Local News

A new mural that includes the faces of Breonna Taylor and David McAtee now stands at the corner of 11th and Main streets in Louisville.

The mural was officially unveiled Sunday. Taylor and McAtee appear alongside other Black people killed by law enforcement, including George Floyd, Elijah McClain and Sandra Bland, as well as Ahmaud Arbery, who was shot to death while jogging. Two white men are charged with his murder.

Braylyn Resko Stewart is one of the three artists who painted the mural, along with Whitney Holbourn and Andrew Norris. Stewart said the artists worked for weeks to design and eventually paint the scene, which covers the entire side of the building housing Trifecta Event Productions and is visible from the expressway.

Jared Bennett | wfpl.org

The artists Andrew Norris, Braylyn Resko Stewart and Whitney Holbourn.

Stewart said they wanted the work to be large so that visitors or passersby will be “engulfed” by the faces of victims of police and racist violence.

“By being engulfed by the size and scope of the mural, maybe it will humble yourself a little bit, and take yourself back and realize that these are big beautiful faces on the wall. They are not faces of anger or fear or anything negative,” Stewart said. “We want this to be pure love, we want you to smile back as soon as you see it.”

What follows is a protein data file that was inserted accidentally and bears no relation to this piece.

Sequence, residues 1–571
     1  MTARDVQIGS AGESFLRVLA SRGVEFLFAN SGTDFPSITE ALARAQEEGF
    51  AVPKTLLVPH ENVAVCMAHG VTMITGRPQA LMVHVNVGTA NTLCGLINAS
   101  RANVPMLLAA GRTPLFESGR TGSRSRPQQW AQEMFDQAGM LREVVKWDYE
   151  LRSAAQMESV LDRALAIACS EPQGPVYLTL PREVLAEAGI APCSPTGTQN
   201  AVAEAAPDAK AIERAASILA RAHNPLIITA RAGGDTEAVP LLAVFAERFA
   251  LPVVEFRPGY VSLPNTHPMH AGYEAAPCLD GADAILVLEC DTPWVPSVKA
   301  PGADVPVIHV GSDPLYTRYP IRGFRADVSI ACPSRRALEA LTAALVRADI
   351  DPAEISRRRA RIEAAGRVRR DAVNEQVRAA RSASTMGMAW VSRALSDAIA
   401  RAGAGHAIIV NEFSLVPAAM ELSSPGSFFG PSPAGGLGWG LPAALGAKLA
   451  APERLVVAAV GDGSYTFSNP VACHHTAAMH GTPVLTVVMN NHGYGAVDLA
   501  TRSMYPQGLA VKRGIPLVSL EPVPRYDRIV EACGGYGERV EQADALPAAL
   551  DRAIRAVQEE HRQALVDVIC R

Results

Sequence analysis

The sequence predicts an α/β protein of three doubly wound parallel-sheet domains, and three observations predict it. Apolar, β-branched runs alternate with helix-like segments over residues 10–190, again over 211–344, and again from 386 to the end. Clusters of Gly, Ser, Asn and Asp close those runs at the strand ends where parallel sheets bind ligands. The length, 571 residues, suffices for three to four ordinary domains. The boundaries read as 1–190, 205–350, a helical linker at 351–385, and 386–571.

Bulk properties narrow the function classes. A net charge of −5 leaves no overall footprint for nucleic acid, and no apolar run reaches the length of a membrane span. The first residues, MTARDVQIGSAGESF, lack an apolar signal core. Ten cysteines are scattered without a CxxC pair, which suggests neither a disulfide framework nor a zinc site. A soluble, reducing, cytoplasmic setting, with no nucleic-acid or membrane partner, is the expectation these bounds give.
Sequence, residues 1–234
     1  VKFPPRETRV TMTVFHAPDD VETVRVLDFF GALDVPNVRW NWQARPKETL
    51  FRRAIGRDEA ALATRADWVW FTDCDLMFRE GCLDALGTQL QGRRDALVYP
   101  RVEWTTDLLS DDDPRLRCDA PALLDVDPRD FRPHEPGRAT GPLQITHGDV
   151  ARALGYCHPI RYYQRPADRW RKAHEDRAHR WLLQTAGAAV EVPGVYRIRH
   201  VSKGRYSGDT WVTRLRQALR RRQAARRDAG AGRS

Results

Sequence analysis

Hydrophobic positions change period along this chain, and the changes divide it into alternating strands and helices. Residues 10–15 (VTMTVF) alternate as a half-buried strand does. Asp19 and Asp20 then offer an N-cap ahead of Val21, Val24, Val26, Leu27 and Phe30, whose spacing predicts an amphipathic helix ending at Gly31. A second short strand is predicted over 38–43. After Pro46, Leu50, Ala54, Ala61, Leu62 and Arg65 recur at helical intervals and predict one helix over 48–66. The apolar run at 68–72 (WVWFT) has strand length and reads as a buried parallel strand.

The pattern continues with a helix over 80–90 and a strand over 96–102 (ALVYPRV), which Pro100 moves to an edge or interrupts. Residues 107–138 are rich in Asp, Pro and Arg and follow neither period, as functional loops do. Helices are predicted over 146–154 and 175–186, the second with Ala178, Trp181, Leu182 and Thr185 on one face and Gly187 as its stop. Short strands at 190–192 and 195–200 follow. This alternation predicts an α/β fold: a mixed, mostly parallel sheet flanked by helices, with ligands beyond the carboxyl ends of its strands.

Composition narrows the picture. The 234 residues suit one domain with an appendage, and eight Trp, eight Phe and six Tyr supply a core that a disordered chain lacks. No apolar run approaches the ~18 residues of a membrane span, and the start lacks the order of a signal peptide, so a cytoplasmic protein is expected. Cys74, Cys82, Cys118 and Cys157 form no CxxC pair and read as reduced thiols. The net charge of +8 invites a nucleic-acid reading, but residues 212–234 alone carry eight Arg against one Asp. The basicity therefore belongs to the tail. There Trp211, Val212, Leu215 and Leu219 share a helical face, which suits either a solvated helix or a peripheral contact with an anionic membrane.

The No Justice No Peace Louisville Choir celebrated the occasion with an original song meant to encourage people fighting for racial justice.

Choir member Natalie Witherspoon said the song was a complement to the new piece of street art. The faces on the mural made Witherspoon think of other works of public art such as the painting of Breonna Taylor on a basketball court in Annapolis, Maryland. She hopes the new mural here will inspire more people “to do justice and do justice work everywhere with whatever tools you have to use.”

Jared Bennett | wfpl.org

The No Justice No Peace Choir.

The combination of music and visual art make Witherspoon think of the collective effort people across the country are making to ensure a new voice of protest gets heard.

“Wherever people have space with whatever medium that they have that they are using it to send a collective message is grand and it is one that everybody can see,” Witherspoon said.